You’d think it would be very difficult to break a tooth. After all, enamel is the hardest substance in the human body. But your teeth — especially your molars or back teeth — work under tremendous pressures while you chew your food. And if you’re in an accident or suffer an injury, the force of the blow can chip, crack, fracture or break one or more teeth. If you suffer a broken tooth, visit the dentists at Dental Associates of Morris County. They can treat your pain while restoring your tooth.
A broken tooth involves minor or major damage, depending on how much of your tooth broke off. A minor break or chip may not even give you any lingering pain, but it still requires a dentist’s review. A chipped tooth can lead to faster decay. Plus, there may be more damage than you can see.
A major break, on the other hand, may expose the pulp, causing instant and severe pain. A broken tooth this bad needs emergency broken tooth repair. If you break a tooth, put the broken-off piece back in your mouth, if possible, or in a glass of milk or saline. Then get to your family dentist as quickly as you can. Call ahead to Dental Associates of Morris County to let them know you’re on your way with an emergency.
Events That Lead to Broken Tooth Repair
There are many ways you can break or crack a tooth. Broken tooth pain is often more intense than cracked tooth pain, but the conditions that lead up to the break or crack are often quite similar. You can physically damage your teeth by:
- Chewing your food too vigorously
- Grinding your teeth unconsciously, a medical condition called bruxism
- Striking your jaw in an accident
- Ignoring tooth decay to the point that it weakens your teeth
- Getting a root canal, but not a crown
- Having too many dental procedures on the same tooth
- Biting into hard food with crooked front teeth
- Being hit in the jaw or mouth
- Letting an old filling fall apart
- Chewing an ice cube or something harder
- Opening a can or bottle with your teeth
- Subjecting your teeth to temperature extremes, from very cold to very hot
Which Is More Painful: A Broken Tooth or a Cracked Tooth?
Both types of tooth damage cause pain. Broken tooth pain and cracked tooth pain can both be debilitating. The visceral pain you feel makes it impossible to eat, smile or concentrate on anything else. You require broken tooth repair or cracked tooth repair as soon as possible.
Broken tooth pain may hit you right away if the tooth exposes the pulp. Even if it doesn’t expose the pulp, it may expose the dentin layer, which is softer than the enamel and easier for bacteria to attack. If you don’t feel pain immediately after you break a tooth, you’ll feel it soon enough. Also, if you break enough of the tooth, it may cause other teeth to shift. You may end up with crooked front teeth.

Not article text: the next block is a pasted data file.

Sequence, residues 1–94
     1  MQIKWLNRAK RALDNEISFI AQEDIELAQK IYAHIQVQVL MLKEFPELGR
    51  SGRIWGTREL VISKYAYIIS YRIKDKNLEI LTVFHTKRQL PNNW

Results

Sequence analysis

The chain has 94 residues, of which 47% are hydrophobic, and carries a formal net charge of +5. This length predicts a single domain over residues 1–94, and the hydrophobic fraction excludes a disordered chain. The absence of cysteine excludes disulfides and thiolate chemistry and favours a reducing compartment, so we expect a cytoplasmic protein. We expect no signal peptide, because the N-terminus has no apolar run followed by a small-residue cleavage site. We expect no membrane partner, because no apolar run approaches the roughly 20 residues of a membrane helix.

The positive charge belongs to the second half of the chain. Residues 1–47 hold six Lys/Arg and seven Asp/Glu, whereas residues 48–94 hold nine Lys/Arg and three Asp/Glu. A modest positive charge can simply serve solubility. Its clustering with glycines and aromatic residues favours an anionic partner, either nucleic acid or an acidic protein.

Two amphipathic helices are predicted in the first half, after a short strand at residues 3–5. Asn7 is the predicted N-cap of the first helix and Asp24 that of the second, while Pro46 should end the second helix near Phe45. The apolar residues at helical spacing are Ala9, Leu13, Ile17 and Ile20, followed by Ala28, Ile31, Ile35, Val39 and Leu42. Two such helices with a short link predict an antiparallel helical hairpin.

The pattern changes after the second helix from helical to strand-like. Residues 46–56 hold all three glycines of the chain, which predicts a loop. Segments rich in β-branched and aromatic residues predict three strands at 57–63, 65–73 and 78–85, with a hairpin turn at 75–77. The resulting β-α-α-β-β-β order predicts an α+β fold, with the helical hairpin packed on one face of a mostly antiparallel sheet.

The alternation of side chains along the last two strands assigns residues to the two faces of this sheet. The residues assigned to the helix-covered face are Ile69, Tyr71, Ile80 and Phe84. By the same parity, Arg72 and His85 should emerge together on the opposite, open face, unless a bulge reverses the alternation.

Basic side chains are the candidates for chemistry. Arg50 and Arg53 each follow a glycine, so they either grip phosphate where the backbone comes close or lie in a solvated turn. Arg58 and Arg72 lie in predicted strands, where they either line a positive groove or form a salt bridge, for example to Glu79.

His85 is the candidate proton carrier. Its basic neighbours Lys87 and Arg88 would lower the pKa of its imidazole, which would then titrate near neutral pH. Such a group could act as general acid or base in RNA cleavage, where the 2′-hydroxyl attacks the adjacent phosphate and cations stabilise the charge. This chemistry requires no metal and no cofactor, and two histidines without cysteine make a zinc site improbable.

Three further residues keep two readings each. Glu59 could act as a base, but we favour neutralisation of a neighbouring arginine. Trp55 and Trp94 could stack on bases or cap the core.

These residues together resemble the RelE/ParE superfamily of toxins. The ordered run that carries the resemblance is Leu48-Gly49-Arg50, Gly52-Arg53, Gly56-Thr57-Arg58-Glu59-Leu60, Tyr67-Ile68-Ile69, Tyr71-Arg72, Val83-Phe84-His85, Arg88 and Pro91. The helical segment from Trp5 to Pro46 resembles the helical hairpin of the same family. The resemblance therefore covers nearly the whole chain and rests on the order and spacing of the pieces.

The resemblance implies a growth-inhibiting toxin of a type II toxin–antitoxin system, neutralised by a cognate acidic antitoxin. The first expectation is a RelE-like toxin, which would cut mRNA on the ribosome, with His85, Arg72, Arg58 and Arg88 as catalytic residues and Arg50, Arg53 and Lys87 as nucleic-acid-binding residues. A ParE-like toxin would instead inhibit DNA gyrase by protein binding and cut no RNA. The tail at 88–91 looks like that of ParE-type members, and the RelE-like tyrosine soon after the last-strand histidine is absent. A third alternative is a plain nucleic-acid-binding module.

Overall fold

Cracked tooth pain may not hit you right away. You may not even realize you’ve cracked a tooth, as the crack can be invisible. Cracked tooth pain comes and goes when you eat, since pressure on the tooth forces the crack open to bacteria and temperatures, both of which cause cracked tooth pain. Before cracked tooth repair, you may feel throbbing pain.
Diagnosing a Broken Tooth and a Cracked Tooth
When you get to your Madison, NJ dentist, you’ll be glad you chose Dental Associates of Morris County. Their family dentists also practice cosmetic dentistry. While they resolve your pain and fix your teeth, they’re also considering your appearance. Your dental health always comes first, but you may feel comforted knowing you’ll look your best after broken tooth repair.
A chipped or broken tooth is usually easy to spot, but a cracked tooth can evade even x-rays. The American Dental Association reports: “A crack may appear as a hairline fracture, running vertically along the tooth. It often is invisible to the eye.” It may be difficult to pinpoint the source of your cracked tooth pain. Temperature variations activate the pain.
Broken Tooth Repair and Cracked Tooth Repair
Both a cracked tooth and a broken tooth require treatment. A painful infection may result from either that can spread to other teeth and your jaw bone.
It’s possible that very small tooth cracks won’t need any special treatment. But tooth bonding with resin may be necessary for a cracked tooth repair to alleviate your pain. Worse case, if cracked tooth repair isn’t feasible, the tooth may need to be pulled.
Broken tooth repair often can be accomplished by gluing the tooth pieces you were able to recover back into place. If you don’t have the missing piece or the remnants are too small, the tooth still can be rebuilt with a composite resin or at least covered with a crown. You still may need a root canal too, if the nerve becomes exposed.